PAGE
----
Wednesday’s tornado changed so much for so many.

It literally ripped apart the lives and homes of several communities.

A view from Wendover Road toward Roosevelt Avenue

Parishioners at Holy Cross Parish in Springfield gathered in prayer at weekend Masses and were reminded that God does not punish people or spare others. “God loves all of us the same,” said Father Dan Lanahan, who celebrated Mass at Holy Cross.  (The newly-named pastor, Father Tony Cullen, is visitng family in Wales, United Kingdom). Father Dan and Sister Cindy Matthews, pastoral minister at Holy Cross, walked the streets of the East Forest Park neighbohood which was hit hard. Parishioners were asked to share their needs and for others to share what they could with those in need. The parish also hosted a city meeting for those who were suffering the effects of the tornado. And the parish also hosted city-run meals over the weekend for those in need.

The hum of chain saws filled the background of the afternoon Mass as the clean-up continued.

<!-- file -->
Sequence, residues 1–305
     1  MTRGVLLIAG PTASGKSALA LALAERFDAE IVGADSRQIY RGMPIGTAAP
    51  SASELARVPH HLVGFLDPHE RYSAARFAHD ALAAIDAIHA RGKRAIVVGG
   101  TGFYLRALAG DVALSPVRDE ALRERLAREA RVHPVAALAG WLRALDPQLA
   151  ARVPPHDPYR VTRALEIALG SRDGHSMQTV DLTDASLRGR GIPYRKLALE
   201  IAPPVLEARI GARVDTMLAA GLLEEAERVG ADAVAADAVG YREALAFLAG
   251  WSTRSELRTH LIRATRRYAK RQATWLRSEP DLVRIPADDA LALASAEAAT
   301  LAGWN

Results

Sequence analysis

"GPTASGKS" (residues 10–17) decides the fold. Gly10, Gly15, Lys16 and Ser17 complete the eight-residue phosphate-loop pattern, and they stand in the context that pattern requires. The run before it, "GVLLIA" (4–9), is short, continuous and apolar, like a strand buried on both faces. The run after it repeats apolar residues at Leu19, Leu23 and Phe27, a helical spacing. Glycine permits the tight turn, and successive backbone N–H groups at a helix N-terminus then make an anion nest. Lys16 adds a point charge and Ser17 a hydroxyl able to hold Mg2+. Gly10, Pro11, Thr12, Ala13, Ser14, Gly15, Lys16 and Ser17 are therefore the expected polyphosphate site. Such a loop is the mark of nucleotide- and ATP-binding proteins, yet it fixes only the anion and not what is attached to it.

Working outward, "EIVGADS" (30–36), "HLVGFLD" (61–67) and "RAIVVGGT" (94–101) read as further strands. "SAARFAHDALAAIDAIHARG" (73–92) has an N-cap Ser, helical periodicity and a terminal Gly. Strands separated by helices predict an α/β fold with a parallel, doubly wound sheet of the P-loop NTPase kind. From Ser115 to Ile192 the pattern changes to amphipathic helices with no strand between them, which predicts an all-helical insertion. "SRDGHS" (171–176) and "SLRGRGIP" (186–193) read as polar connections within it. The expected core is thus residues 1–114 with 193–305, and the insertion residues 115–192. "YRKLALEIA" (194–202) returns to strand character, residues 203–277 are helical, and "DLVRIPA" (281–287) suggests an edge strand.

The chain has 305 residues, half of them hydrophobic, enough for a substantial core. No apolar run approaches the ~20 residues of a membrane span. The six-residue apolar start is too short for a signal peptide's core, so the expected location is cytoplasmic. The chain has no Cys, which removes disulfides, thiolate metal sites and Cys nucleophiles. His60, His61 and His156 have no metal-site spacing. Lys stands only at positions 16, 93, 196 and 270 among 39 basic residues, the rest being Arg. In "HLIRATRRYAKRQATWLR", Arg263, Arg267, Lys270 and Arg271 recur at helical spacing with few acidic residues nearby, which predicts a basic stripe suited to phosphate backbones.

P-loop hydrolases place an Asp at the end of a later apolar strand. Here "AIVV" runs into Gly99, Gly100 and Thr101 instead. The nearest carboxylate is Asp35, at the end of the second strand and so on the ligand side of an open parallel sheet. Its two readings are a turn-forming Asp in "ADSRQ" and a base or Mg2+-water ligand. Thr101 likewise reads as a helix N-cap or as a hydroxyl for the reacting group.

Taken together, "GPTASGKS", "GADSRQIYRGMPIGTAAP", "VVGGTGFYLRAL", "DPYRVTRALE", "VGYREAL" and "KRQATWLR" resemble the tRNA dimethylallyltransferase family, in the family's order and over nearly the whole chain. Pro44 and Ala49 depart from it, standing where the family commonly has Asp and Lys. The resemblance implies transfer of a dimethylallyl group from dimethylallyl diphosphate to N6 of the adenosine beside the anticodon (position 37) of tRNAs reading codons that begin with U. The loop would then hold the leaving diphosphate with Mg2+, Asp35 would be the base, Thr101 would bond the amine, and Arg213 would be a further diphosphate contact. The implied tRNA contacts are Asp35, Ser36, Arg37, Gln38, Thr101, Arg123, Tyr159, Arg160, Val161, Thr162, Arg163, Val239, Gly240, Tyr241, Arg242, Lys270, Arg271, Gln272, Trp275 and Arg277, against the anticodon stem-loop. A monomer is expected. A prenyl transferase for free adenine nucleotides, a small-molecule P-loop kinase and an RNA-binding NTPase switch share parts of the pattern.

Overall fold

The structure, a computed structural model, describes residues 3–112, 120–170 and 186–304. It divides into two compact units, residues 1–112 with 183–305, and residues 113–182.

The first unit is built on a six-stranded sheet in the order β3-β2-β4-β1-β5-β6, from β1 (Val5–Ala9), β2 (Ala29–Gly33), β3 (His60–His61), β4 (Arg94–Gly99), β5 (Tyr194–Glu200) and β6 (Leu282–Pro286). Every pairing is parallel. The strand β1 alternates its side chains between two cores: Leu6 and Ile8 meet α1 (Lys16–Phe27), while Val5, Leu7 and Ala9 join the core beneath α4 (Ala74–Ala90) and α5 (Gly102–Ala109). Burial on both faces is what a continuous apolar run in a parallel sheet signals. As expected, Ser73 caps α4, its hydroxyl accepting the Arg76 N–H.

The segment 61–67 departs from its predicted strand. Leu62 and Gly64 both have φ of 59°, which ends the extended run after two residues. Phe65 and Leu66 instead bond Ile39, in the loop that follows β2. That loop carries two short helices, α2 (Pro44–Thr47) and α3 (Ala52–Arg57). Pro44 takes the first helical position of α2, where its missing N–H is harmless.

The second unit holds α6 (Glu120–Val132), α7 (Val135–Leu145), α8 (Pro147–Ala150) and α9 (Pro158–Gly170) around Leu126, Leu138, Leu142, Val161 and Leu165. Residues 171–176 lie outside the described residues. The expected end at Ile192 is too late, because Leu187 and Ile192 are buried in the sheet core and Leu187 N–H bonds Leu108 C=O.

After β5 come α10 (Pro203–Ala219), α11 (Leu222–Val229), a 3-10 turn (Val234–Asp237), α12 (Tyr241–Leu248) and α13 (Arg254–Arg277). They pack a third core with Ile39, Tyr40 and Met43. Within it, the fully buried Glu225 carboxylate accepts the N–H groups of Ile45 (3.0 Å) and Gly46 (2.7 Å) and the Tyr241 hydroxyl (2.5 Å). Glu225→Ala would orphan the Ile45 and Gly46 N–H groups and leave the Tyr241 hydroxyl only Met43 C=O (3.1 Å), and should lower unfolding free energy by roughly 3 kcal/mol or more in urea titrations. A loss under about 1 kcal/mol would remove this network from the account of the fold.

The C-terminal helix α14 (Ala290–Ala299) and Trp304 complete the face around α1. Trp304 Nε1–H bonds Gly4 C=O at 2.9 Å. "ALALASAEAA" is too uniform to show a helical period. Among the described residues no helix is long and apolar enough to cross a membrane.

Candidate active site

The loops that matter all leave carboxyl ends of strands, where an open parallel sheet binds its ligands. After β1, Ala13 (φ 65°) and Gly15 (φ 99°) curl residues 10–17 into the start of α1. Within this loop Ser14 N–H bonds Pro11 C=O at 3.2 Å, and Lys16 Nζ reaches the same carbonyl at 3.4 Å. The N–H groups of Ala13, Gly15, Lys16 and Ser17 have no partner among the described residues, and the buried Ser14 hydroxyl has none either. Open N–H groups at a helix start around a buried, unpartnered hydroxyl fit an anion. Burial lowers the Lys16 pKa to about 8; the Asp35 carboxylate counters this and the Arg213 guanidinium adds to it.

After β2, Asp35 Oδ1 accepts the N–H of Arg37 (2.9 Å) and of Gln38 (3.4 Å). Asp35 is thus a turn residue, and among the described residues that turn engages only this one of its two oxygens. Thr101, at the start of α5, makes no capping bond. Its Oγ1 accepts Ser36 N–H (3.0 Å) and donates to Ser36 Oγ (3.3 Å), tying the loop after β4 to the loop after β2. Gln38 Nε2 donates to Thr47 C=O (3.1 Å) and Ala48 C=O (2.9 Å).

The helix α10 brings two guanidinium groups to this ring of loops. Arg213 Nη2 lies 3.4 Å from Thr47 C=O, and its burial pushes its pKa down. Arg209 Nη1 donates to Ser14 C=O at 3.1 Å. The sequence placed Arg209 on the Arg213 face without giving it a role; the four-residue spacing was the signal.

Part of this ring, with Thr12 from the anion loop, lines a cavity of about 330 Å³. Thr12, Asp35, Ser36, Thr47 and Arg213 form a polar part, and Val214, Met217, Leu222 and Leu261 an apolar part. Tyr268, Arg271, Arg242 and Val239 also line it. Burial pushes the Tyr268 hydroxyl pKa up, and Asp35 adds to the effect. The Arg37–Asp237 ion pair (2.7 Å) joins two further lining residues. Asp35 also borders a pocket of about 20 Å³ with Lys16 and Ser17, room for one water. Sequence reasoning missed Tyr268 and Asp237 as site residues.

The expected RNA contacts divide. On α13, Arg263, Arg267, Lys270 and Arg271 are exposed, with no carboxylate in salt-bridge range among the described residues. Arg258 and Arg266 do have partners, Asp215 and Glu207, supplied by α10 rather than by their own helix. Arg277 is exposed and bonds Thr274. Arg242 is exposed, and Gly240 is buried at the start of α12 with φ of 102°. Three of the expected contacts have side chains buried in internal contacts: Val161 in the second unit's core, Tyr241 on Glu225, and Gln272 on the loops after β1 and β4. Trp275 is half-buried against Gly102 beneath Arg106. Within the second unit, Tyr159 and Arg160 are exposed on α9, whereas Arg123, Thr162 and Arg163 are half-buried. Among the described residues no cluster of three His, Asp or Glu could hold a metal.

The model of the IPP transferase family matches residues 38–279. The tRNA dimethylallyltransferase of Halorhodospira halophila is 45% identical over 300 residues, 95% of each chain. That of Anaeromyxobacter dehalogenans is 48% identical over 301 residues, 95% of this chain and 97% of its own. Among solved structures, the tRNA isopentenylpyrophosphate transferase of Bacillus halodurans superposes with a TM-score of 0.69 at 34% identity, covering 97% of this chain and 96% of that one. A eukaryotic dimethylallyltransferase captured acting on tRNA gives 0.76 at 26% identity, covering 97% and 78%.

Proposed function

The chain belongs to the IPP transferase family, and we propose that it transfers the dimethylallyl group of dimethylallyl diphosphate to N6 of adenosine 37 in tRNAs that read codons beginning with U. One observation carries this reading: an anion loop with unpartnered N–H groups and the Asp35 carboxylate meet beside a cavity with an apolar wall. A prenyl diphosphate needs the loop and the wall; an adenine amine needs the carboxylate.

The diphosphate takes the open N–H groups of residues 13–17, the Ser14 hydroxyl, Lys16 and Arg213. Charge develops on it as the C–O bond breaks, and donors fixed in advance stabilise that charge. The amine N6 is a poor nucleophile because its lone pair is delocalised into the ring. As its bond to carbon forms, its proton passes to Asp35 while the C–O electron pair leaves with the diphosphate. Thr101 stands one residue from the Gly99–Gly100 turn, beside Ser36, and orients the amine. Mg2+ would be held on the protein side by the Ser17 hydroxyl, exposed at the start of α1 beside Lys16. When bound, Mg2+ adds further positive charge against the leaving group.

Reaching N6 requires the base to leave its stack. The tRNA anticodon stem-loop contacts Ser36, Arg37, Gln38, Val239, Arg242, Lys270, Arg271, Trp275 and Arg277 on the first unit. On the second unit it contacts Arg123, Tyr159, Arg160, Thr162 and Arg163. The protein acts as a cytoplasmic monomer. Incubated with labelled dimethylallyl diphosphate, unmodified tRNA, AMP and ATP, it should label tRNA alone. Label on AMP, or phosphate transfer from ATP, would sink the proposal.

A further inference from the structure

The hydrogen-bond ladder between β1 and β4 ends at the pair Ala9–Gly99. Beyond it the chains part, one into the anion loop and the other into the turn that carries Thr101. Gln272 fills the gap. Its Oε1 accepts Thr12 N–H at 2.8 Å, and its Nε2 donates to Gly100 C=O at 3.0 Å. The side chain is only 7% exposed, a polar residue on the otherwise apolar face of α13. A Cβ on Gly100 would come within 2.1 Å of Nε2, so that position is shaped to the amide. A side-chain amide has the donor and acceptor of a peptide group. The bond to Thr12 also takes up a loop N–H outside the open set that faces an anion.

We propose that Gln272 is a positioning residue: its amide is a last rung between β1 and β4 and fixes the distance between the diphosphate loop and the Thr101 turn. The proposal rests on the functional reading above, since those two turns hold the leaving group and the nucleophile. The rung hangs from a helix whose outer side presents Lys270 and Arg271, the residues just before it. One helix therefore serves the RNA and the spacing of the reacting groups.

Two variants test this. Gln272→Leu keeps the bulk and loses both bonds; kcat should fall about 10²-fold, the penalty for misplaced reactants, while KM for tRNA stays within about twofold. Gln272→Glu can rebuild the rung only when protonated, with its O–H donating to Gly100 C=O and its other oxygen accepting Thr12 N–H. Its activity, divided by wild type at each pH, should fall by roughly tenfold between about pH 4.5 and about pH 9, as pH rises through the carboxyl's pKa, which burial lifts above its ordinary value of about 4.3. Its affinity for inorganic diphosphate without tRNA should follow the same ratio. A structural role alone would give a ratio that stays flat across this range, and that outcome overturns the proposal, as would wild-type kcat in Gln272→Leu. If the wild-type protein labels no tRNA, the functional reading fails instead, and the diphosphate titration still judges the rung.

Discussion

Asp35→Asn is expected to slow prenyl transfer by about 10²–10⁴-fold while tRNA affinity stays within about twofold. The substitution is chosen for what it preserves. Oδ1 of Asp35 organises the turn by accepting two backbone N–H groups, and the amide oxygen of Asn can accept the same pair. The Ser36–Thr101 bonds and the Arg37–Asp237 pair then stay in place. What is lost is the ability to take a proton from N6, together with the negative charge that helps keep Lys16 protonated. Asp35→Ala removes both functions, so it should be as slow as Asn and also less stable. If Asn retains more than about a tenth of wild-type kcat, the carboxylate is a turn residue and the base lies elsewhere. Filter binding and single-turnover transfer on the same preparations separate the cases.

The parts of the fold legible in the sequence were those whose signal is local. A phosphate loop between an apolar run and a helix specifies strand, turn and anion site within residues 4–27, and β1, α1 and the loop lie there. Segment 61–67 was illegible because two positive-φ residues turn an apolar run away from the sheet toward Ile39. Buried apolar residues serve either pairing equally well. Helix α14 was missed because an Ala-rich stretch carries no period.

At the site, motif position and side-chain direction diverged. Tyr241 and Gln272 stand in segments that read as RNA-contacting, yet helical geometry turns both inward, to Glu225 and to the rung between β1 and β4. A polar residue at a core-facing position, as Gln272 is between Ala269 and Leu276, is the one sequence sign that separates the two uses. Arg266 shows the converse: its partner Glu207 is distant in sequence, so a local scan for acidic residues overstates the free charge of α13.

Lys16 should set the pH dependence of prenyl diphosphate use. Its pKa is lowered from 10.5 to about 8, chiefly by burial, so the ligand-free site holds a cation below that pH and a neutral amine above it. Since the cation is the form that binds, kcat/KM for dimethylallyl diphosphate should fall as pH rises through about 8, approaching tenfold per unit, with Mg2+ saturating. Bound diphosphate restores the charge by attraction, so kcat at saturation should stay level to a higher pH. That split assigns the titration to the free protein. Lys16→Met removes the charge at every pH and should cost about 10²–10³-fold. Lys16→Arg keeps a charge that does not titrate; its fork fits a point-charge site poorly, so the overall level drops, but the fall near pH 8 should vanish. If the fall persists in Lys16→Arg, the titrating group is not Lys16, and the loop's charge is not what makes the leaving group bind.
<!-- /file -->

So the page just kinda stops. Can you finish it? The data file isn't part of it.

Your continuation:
Many drove, cycled or walked around the neighborhood where the tornado ripped venerable trees.

A lot of people gathered at Cathedral High School where alumni, teachers and neighbors stared in disbelief at the destruction.

Cathedral Science Wing

 The newly-renovated St. Michael’s Academy suffered much as well.

St. Michael’s Residence and the St. Michael’s Academy Pre-school also sustained significant damage. The priests in residence were relocated to Holy Cross rectory for a few days but most have moved to a more permanent place, according to announcements made at Holy Cross Church.

Most residents expressed a disbelief that a tornado had touched down in Springfield. The path was random as some homes remained untouched while others were damaged terribly.

Students at Cathedral will attend classes at the Elms College and students at St. Michael’s Academy will attend Western New England University.

Guards monitored the building all day and all night.

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